Gallery Beat – August 2014
Every once in a while I go the Kojo Nmandi show on WAMU to discuss DC area visual art stuff… many years ago I was discussing the lack of interest, or better still, apathy that most Washington area museum curators exhibit (pun intended) towards our DMV area artists.
In what was to become a battle cry of the ignored, I noted that “it was easier for a local DC area museum curator or director to take a cab to Dulles to catch a flight to Berlin, or London, or Madrid, etc. in order to visit an emerging artist’s studio, than to take a cab to Georgetown, or Arlington, or Rockville to do the same.”
A few years after American University’s gorgeous Katzen Museum opened, I updated that statement by noting that the Katzen had taken the lead (in a one horse race) in showcasing, exhibiting and documenting the DMV art scene. The Katzen had become, and remains the only major DC area art museum that pays attention to its own backyard!
The driver here is the Katzen’s energetic director Jack Rasmussen. This is a man with a deep connection to the DC area art scene that goes back many decades, and it was a brilliant coup by the AU leadership to hire him. And I say that not only based on the Katzen’s interest and support of its own city’s artists, but also because Rasmussen has proven to the other area art museums that an intelligent combination of regional artists with national and international artists can be accomplished.
What does that take? I’m not sure, but the libertarian part of me suspects a certain degree of “taking the path of least resistance” on the daily workload of other local museum curators/directors, many of which are government employees; it is much easier to take a traveling exhibition, let’s say, than organizing one from scratch. I know that I am generalizing here, and often that’s a bad thing, but in the multiple conversations that I’ve had over the years with several generations of curators from the Hirshhorn, NGA, NPG, the Corcoran and others (yes, even other local Universities) I’ve gathered both empirical and anecdotal data to back up that impression.
Any of those museums is welcomed to please prove me wrong! And it is because of Rasmussen’s stellar leadership and guiding hand, and the Katzen’s record with its own community that I can report the following:
“… Thanks to a major gift from alumna and art advocate Carolyn Alper, BA/CAS ’68, to the American University Museum at the Katzen Arts Center, more resources will be allocated to the study and exhibition of Washington art.
Alper’s gift will establish the Alper Initiative for Washington Art at the American University Museum. The initiative will dedicate space for displaying the work of Washington artists, including more tightly focused, historical shows; development of space for archives of Washington art (available for both members of the public and AU students); an endowment to support more programming of events, gatherings, lectures and films; and digitization of AU’s growing collection of Washington art.”
According to AU Museum Curator and Director Jack Rasmussen: “Carolyn’s gift provides American University Museum the funds necessary to elevate Washington art to the place of prominence it deserves. All of Washington should be grateful as Carolyn has put her contributions where her heart is.”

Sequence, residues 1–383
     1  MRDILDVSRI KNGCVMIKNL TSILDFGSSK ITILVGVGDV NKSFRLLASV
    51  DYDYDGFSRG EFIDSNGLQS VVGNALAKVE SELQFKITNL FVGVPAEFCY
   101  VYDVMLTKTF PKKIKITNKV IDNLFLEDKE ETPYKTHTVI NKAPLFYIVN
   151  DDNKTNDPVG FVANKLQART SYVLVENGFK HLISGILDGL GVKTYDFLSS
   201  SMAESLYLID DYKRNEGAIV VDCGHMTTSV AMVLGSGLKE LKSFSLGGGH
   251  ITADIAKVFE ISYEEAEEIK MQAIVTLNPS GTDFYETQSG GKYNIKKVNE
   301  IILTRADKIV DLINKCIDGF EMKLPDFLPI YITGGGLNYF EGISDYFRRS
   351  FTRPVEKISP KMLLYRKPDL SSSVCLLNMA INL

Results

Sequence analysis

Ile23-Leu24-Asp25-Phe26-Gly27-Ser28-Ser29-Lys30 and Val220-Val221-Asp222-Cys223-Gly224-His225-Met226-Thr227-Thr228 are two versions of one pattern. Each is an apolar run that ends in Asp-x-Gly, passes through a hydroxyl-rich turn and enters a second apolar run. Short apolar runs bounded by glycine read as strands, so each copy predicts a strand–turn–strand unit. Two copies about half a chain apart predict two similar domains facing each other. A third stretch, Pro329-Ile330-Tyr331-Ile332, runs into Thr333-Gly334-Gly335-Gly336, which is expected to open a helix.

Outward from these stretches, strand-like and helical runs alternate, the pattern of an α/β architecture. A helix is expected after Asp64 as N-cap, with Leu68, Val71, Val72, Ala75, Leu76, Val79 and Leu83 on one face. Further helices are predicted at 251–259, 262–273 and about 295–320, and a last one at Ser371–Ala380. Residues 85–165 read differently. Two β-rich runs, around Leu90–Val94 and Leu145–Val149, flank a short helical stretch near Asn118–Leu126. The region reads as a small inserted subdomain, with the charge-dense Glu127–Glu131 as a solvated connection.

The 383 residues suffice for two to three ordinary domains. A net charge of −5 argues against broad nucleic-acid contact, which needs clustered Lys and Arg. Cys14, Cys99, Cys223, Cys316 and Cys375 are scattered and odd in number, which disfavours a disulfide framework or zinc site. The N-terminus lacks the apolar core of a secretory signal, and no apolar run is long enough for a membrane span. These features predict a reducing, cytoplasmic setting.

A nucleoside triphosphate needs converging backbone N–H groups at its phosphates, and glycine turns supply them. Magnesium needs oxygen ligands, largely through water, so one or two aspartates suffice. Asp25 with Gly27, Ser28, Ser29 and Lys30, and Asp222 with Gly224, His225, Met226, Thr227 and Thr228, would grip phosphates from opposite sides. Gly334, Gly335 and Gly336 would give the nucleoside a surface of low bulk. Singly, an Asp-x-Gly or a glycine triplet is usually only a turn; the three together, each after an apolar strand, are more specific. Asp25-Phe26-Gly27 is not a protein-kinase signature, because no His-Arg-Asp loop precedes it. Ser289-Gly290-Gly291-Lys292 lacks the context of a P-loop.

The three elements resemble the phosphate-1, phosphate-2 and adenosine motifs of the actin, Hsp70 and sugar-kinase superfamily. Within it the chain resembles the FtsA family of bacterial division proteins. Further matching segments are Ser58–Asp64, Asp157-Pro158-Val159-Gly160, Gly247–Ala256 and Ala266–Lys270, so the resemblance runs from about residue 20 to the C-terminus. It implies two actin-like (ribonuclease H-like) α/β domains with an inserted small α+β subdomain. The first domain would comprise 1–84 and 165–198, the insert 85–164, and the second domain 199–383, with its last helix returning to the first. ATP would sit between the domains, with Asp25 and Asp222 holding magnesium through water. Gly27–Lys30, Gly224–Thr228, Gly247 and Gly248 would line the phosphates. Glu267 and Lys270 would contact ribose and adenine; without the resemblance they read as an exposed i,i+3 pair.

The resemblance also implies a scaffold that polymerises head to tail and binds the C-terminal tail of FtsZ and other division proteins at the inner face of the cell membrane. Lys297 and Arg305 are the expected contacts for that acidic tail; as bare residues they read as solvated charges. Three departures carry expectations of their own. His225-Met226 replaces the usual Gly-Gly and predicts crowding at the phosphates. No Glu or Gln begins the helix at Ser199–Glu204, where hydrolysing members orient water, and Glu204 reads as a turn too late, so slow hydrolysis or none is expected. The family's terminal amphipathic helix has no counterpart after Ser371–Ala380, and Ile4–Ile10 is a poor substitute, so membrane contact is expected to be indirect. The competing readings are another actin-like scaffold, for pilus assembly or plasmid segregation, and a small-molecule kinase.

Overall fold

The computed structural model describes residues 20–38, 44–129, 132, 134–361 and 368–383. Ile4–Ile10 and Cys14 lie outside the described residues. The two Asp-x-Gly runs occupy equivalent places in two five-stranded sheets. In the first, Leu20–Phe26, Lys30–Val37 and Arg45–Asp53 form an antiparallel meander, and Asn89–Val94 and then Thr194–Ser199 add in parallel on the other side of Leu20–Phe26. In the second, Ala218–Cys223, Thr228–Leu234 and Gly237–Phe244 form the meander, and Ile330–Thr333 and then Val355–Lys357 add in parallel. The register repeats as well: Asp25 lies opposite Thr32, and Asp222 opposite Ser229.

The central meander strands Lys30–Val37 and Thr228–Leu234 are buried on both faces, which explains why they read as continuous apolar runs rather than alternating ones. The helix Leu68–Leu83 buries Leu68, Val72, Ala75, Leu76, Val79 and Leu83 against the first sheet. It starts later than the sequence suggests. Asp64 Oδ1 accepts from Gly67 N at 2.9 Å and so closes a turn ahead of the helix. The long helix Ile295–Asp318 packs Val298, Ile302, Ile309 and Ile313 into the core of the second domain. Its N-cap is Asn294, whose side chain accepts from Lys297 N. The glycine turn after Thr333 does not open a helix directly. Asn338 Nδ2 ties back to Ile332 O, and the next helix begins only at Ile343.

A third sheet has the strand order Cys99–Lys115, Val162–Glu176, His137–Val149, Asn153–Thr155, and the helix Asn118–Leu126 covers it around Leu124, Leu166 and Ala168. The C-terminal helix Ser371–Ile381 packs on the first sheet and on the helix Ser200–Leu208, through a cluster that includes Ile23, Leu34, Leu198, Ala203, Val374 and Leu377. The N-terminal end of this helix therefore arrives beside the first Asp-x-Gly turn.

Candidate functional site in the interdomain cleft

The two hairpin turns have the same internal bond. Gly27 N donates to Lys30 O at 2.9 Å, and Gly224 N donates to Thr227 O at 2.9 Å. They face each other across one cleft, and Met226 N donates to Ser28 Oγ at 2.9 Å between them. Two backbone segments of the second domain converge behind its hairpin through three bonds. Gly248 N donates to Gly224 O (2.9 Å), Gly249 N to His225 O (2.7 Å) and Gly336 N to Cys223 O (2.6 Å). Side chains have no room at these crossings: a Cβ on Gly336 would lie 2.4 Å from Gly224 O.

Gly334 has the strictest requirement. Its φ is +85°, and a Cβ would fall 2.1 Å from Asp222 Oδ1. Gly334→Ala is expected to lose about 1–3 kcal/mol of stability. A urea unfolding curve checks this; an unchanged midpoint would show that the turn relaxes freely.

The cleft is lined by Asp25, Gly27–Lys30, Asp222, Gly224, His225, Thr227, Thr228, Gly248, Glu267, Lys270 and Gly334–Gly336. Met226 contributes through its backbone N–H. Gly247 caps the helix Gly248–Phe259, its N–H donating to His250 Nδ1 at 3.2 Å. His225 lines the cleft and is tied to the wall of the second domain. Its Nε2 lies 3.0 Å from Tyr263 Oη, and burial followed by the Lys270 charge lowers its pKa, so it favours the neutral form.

Need more evidence? Five of the six exhibits on display at the museum through Aug. 17 feature Washington artists and collectors: Mynd Alive by B.K. ADAMS/I AM ART; Syzygy by William Newman; Continental Drift (Being Here and Being There) by Judy Byron; Passionate Collectors: The Washington Print Club at 50, with prints curated from Washington collections; and The Franz and Virginia Bader Fund: Second Act, with art by grant recipients from the region.
Thank you Ms. Alper, thank you AU and thank you Jack!
In Old Town Alexandria, for many years now, and in spite of an unnecessary name change a few years ago, Multiple Exposures Gallery has established firmly its position as one of the leading photography-focused (nice pun!) fine arts spaces in the Mid Atlantic. The talent at Multiple Exposures is overwhelming, and I can honestly say that in the last two decades I’ve never seen a bad show there, and part of that is the high level of professionalism (from conception to presentation) that every show seems to have.
Next month I’m really looking forward to seeing veteran photographer Danny Conant, one of the foundational contemporary photographers in the region, and certainly one of the most explorative ones, especially when it comes to her constantly evolving subject matter and techniques, and new-to-me but clearly a master photographer in his own right, E.E. McCollum
E.E. McCollum will be showing images from his new “Shadow” series.
In this series, “Strong graphically, his black and white images explore the sculptural qualities of the nude figure and the interplay of shadow and form. Set against a white background, the figure seems suspended, without context to guide our understanding, and we are left to encounter the body in its most elemental expressive elements of shadow, form and gesture”.
Danny Conant loves to travel and she’s always armed with her camera and always returns with something fresh and new (and makes us want to leave our cameras home when we travel!); two books of her Tibet photographs have been published in the last few years. Her “French Impressions” images are “influenced by her recent trip to the French countryside of the Dordogne region and an exhibit at the Musee d’ Orsay in Paris. The photos are often manipulated in Photoshop and other programs and printed on watercolor paper. Some are additionally colored with pastels and then the watercolor paper is adhered to a wooden panel and covered with encaustic paint.”
The show opens the day after my birthday, that is Sunday, September 7, 2014 with an opening reception from 2 -4 pm and runs September 2 – October 12, 2014.
Written by: F. Lennox Campello